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Coming to your corner carwash: Artoo-Detoo, new-car perfume

Atlantic City has been teeming this week with people who are all excited about the carwash business. The what?

Don't laugh.

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It's a $2.75 billion industry (including gasoline sales) in this country. And those in it anticipate a lot of growth. With people hanging onto their cars for an average of 7.2 years nowadays, nearly twice as long as the 3.7 years people were keeping their cars in 1979, owners have more incentive to protect their investment by keeping it clean.

''And with the average new car price at $13,000 now, up from $8,200 five years ago, the consumer doesn't have the confidence to work on his own car,'' Judson Smith, of Car Care Corporation in Phoenix, told some of his colleagues in the business Tuesday.

''We're expecting 10 percent annual growth in sales volume over the next five years,'' says R. R. (Gus) Trantham, executive director of the International Carwash Association/National Car Council.

The ICA has been meeting here this week, and so the main floor of the somewhat staid and classicizing Convention Hall, on the Boardwalk, has been awhirl. Equipmentmakers have set up brushes that swirl and twirl - huge blue brushes and pink-and-blue striped brushes and brushes in shades that would set a decorator's teeth on edge. Then there are ''brushless'' carwash units that flap and flail about with determined madness.

Gleaming steel industrial vacuums, a veritable platoonful of Artoo-Detoos, are on display. And don't forget auto fragrances - one of the ''extras'' carwash operators are eager to be able to offer their customers. Along with lemon and cherry and pina colada scents, many fragrance outfits market one called ''new car.''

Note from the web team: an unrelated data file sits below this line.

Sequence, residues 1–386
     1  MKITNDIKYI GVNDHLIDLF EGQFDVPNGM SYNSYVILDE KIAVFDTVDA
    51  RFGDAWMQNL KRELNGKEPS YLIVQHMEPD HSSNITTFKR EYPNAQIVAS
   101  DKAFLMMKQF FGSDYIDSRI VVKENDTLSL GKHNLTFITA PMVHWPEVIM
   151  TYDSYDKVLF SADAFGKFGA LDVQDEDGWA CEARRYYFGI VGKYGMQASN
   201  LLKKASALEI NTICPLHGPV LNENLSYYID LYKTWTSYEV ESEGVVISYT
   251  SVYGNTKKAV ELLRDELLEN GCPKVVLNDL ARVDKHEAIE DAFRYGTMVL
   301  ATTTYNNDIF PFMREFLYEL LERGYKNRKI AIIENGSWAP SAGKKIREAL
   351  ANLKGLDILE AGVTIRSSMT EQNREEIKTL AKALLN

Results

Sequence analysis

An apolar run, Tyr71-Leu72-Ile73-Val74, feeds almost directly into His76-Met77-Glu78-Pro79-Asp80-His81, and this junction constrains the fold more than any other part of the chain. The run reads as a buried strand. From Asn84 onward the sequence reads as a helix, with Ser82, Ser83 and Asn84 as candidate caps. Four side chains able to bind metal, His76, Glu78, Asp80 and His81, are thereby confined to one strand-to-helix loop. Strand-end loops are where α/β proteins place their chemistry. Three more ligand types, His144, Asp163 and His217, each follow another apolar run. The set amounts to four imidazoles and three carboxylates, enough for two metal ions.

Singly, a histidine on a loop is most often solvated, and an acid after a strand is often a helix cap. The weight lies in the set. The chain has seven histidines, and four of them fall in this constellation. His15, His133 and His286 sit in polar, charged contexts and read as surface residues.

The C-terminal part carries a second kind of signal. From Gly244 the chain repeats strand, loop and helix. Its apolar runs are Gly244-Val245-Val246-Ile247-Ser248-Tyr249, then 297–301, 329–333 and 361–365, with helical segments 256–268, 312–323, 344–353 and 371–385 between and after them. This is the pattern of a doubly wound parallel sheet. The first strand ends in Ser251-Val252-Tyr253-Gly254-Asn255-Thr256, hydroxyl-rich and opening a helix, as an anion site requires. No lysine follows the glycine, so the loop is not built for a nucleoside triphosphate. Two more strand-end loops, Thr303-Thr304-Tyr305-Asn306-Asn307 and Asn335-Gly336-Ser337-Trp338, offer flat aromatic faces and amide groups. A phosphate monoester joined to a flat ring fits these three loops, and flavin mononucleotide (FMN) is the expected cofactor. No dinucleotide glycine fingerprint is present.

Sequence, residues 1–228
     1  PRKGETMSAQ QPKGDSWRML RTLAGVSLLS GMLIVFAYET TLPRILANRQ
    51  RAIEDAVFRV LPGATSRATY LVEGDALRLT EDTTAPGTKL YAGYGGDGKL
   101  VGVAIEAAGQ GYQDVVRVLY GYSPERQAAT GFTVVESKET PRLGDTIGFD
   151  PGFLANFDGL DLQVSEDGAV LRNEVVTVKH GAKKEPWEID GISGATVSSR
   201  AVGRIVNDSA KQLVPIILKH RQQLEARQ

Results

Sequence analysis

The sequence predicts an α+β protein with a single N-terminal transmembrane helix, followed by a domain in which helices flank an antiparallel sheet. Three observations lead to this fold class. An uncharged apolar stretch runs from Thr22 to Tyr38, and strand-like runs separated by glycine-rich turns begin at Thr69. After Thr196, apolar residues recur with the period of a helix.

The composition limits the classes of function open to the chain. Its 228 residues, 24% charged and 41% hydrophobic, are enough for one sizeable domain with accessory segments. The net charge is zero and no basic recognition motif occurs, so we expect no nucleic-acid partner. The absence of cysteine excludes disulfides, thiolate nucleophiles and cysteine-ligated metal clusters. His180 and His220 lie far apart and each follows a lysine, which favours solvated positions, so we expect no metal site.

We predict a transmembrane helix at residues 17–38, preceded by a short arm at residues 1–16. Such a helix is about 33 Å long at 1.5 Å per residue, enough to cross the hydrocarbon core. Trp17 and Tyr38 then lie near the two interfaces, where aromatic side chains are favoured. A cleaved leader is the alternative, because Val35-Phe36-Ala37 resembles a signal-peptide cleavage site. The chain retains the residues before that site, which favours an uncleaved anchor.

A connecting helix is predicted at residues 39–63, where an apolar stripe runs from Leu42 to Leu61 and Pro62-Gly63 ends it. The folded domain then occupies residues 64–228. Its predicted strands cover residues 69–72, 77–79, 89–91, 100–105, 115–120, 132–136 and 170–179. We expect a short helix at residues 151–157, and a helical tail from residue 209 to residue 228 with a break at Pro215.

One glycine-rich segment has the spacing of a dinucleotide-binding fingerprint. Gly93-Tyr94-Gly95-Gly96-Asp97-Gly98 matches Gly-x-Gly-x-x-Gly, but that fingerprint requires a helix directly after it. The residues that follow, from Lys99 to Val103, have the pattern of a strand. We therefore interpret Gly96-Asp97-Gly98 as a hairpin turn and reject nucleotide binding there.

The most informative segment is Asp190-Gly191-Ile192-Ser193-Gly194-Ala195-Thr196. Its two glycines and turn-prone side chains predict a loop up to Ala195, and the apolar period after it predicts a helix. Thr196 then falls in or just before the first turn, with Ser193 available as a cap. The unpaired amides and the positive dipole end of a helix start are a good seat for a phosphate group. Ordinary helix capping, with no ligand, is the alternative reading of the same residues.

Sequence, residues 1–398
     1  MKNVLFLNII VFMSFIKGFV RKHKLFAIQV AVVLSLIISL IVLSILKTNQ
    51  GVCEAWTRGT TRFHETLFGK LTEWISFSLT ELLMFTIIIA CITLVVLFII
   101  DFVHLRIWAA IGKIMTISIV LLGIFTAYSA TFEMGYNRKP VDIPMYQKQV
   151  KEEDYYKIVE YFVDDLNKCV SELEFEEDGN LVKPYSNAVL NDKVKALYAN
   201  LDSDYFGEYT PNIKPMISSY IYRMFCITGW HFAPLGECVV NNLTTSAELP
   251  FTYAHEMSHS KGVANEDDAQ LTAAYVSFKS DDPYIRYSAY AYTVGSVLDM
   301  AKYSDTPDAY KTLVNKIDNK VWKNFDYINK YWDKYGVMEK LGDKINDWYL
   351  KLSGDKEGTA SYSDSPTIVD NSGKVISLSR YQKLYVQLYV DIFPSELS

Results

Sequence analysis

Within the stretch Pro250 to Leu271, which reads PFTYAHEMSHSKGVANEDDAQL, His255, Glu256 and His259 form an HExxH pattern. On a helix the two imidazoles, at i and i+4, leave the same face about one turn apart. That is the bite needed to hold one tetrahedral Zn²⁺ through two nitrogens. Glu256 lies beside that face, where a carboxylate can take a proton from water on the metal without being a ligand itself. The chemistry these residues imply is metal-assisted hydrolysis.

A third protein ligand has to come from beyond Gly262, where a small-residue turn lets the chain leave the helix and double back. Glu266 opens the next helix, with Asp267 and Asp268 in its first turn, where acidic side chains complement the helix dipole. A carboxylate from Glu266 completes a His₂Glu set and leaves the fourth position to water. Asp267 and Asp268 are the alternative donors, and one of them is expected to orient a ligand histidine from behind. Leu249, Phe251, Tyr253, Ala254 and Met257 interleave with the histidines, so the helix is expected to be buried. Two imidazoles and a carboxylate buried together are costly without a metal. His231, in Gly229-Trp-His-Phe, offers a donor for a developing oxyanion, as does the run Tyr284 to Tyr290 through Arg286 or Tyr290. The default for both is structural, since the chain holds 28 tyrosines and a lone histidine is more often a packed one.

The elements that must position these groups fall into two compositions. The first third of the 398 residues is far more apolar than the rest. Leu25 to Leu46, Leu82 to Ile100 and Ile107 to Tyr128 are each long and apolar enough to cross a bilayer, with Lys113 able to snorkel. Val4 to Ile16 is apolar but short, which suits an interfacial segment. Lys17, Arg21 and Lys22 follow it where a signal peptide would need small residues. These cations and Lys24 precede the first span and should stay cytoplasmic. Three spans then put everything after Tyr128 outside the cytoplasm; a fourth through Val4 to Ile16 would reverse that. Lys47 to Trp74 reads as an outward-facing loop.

Asked for a sample of this one, Kelly Crutchfield of Fresh and Lively Inc., of Claremore, Okla., shakes the bottle with the panache of a perfume salesman at Saks, dabs some of the fragrance on his palm, and sticks it under the inquiring reporter's nose. ''We try for a sort of fruity leather smell,'' he explains.

The ICA conventioneers came here for answers to nitty-gritty questions, such as ''How do you get interior upholstery dry in a hurry?'' and ''How do we get car dealers to pay more promptly for the work we do for them?'' (Answer: ''Get to know the girl in the dealer's office and make sure she gets lots of free carwashes.'')

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The conventioneers were also here to learn about marketing, better management techniques, and maximizing their returns by providing higher-value services - by upgrading the occasional carwash customer to someone who will pay $140 for a fancy wax job.

On one hand, the operators are confident that they're in a growth field. On the other hand, carwashes are expensive to build - up to $2 million. Rising land values make it hard to locate them anywhere but on suburban outskirts. And it can be hard to find people trained to perform some of those services. But the key to success, those within the industry say, is ''professionalizing'' their operations and diversifying up the scale into more expensive services.